Central Maine Power and Emera Maine announced Thursday that the two companies have submitted a joint proposal to deliver enough clean energy to power at least a quarter-million homes in Connecticut, Massachusetts and Rhode Island.
The proposal, called the Maine Renewable Energy Interconnect, would provide up to 1,200 megawatts of renewable energy from wind energy projects in northern Maine that are already in the planning and development phase. The project includes investments in the region’s bulk power system to add about 150 miles of new line, new substations and other improvements. The improvements would be paid for by utility customers in the states that issued the request for proposals in November.
“Our joint project creates environmental and economic value for Maine and the region,” Sara Burns, president and CEO of CMP, said in a written statement. “Bringing more renewables into the system will reduce emissions from burning fossil fuels and enhance price stability, energy security and supply diversity.”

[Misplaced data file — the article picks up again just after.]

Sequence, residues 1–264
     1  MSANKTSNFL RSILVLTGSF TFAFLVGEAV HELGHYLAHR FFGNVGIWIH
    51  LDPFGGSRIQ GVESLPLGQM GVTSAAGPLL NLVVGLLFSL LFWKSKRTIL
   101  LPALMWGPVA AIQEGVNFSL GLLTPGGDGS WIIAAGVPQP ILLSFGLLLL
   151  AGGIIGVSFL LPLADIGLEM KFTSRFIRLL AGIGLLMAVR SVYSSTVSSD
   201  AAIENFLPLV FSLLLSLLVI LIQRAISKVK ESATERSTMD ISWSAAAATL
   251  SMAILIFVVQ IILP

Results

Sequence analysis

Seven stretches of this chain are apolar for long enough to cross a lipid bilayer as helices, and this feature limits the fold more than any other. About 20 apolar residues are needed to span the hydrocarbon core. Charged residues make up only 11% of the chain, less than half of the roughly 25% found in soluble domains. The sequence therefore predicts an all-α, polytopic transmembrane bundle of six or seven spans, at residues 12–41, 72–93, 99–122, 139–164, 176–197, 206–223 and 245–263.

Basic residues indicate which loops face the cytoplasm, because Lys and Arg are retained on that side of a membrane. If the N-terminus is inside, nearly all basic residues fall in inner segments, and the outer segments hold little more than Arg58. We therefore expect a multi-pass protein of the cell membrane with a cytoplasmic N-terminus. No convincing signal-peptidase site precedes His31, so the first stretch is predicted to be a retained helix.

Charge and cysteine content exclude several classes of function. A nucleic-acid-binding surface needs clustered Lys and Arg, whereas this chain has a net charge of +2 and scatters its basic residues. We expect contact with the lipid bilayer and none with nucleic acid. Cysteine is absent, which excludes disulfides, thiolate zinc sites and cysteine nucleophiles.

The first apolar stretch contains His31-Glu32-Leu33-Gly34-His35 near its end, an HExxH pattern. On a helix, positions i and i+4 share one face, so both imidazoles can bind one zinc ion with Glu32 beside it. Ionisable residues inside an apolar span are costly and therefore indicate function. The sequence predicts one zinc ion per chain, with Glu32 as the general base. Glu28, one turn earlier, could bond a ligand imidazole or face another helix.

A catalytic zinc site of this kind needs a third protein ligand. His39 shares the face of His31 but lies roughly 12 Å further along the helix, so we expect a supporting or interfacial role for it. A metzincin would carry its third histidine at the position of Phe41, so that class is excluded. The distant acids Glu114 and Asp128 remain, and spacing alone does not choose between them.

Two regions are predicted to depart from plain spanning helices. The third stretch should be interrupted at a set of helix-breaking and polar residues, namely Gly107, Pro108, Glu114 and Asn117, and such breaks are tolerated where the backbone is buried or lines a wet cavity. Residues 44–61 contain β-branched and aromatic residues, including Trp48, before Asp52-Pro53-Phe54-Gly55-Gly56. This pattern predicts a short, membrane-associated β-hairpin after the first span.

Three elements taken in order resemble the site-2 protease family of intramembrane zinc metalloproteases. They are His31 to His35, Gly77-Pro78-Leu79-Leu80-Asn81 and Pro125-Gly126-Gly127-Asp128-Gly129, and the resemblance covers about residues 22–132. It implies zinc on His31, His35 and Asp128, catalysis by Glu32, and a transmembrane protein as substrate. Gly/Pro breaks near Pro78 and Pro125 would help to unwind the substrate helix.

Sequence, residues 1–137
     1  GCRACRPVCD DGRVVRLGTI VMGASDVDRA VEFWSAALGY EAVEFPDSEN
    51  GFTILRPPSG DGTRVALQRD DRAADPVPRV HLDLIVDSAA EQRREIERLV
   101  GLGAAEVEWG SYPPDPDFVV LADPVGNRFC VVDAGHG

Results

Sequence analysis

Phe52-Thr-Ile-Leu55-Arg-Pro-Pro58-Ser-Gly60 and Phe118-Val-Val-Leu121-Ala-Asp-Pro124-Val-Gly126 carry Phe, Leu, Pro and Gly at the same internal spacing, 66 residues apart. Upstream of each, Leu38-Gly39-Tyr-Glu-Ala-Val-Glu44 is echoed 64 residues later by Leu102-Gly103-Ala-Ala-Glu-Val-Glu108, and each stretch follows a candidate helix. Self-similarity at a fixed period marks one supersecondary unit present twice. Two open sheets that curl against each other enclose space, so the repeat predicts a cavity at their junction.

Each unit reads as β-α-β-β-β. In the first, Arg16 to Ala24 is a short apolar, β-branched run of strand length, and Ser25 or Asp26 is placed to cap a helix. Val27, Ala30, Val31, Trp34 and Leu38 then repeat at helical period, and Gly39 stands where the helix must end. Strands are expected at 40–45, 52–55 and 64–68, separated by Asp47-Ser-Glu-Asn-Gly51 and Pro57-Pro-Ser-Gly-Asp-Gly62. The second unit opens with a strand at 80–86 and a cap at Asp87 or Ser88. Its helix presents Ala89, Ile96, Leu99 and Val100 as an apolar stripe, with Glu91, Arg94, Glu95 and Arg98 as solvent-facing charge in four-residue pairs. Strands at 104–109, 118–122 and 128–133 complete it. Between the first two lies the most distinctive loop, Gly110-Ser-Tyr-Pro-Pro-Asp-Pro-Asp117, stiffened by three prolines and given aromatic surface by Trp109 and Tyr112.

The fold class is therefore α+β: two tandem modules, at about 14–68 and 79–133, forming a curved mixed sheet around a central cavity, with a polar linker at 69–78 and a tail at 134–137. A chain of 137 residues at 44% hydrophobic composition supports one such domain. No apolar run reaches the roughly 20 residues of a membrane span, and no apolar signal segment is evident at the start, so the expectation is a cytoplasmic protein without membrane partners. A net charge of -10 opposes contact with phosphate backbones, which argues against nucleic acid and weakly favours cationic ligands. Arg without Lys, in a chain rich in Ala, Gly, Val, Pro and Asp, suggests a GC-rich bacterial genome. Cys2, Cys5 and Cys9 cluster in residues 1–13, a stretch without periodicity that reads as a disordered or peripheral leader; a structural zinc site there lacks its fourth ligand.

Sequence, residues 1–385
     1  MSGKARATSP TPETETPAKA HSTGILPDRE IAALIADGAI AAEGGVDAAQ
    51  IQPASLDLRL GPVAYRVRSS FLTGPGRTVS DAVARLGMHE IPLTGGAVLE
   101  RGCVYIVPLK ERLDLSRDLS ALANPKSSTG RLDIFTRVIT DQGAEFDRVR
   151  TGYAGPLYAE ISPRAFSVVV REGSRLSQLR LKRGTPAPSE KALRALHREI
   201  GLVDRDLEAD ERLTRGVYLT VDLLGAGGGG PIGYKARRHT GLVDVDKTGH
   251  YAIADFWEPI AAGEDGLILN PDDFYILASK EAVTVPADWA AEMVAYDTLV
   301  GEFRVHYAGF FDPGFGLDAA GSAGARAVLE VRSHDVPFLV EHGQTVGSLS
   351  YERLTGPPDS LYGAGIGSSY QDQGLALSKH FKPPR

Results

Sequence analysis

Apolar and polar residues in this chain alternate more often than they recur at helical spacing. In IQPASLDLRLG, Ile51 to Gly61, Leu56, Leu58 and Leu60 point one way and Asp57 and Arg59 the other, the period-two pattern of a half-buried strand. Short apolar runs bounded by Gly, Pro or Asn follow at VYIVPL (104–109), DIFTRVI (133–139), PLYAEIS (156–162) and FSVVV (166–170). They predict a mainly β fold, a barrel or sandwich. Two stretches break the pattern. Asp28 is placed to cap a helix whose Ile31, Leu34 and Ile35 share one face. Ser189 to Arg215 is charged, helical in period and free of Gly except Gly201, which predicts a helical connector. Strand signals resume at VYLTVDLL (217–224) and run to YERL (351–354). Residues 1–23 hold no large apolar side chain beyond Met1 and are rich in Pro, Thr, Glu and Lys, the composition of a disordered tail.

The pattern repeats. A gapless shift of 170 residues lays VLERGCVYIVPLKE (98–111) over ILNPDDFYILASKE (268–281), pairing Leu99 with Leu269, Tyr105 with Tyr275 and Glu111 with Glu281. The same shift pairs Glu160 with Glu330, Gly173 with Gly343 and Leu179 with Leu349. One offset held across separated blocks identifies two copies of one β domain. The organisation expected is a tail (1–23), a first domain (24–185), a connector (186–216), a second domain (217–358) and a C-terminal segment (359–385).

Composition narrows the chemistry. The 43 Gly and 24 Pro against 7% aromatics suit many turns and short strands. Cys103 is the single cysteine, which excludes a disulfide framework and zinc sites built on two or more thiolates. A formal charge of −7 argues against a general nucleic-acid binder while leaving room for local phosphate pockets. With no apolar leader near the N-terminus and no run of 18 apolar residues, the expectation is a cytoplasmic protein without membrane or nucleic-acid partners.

Alan Richardson, Emera Maine’s president, said: “MREI offers a number of differentiating elements that we believe will be very attractive to the states that are seeking new sources of clean energy. MREI will be able to deliver that energy on time and at a competitive price because we are tapping our existing infrastructure.”
Richardson also noted that using existing rights-of-way for much of the pathway minimizes environmental impacts. “The MREI is a high-value, low-cost solution for the southern New England states’ need for clean energy with the advantages only companies with our resources can offer,” said Richardson.
Under the RFP, a consortium of agencies and electric utilities in Connecticut, Massachusetts and Rhode Island sought at least 5,000 gigawatt hours of clean energy to reduce greenhouse gas emissions and to improve air quality. Other energy providers across the region are also submitting bids to the consortium.